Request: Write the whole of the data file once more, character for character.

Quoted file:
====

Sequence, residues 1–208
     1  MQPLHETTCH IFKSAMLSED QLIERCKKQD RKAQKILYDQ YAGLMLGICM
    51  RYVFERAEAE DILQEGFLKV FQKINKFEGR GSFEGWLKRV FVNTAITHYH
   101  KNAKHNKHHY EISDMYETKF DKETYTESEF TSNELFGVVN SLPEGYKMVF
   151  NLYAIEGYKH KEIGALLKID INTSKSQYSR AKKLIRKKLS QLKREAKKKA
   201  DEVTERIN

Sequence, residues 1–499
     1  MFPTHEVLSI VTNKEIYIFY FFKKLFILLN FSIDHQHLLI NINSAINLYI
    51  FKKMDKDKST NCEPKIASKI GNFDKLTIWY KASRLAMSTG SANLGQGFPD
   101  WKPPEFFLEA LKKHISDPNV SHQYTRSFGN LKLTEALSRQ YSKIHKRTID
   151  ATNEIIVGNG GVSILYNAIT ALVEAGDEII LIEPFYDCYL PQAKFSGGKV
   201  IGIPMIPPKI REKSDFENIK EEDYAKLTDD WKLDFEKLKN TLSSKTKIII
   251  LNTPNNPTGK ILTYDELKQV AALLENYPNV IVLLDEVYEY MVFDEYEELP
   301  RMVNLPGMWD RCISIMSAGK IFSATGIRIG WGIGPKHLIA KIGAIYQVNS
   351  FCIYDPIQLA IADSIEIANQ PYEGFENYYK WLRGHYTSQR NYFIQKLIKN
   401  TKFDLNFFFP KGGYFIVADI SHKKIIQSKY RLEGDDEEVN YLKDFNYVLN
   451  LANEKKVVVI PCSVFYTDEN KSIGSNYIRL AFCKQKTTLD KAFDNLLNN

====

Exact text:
Sequence, residues 1–208
     1  MQPLHETTCH IFKSAMLSED QLIERCKKQD RKAQKILYDQ YAGLMLGICM
    51  RYVFERAEAE DILQEGFLKV FQKINKFEGR GSFEGWLKRV FVNTAITHYH
   101  KNAKHNKHHY EISDMYETKF DKETYTESEF TSNELFGVVN SLPEGYKMVF
   151  NLYAIEGYKH KEIGALLKID INTSKSQYSR AKKLIRKKLS QLKREAKKKA
   201  DEVTERIN

Sequence, residues 1–499
     1  MFPTHEVLSI VTNKEIYIFY FFKKLFILLN FSIDHQHLLI NINSAINLYI
    51  FKKMDKDKST NCEPKIASKI GNFDKLTIWY KASRLAMSTG SANLGQGFPD
   101  WKPPEFFLEA LKKHISDPNV SHQYTRSFGN LKLTEALSRQ YSKIHKRTID
   151  ATNEIIVGNG GVSILYNAIT ALVEAGDEII LIEPFYDCYL PQAKFSGGKV
   201  IGIPMIPPKI REKSDFENIK EEDYAKLTDD WKLDFEKLKN TLSSKTKIII
   251  LNTPNNPTGK ILTYDELKQV AALLENYPNV IVLLDEVYEY MVFDEYEELP
   301  RMVNLPGMWD RCISIMSAGK IFSATGIRIG WGIGPKHLIA KIGAIYQVNS
   351  FCIYDPIQLA IADSIEIANQ PYEGFENYYK WLRGHYTSQR NYFIQKLIKN
   401  TKFDLNFFFP KGGYFIVADI SHKKIIQSKY RLEGDDEEVN YLKDFNYVLN
   451  LANEKKVVVI PCSVFYTDEN KSIGSNYIRL AFCKQKTTLD KAFDNLLNN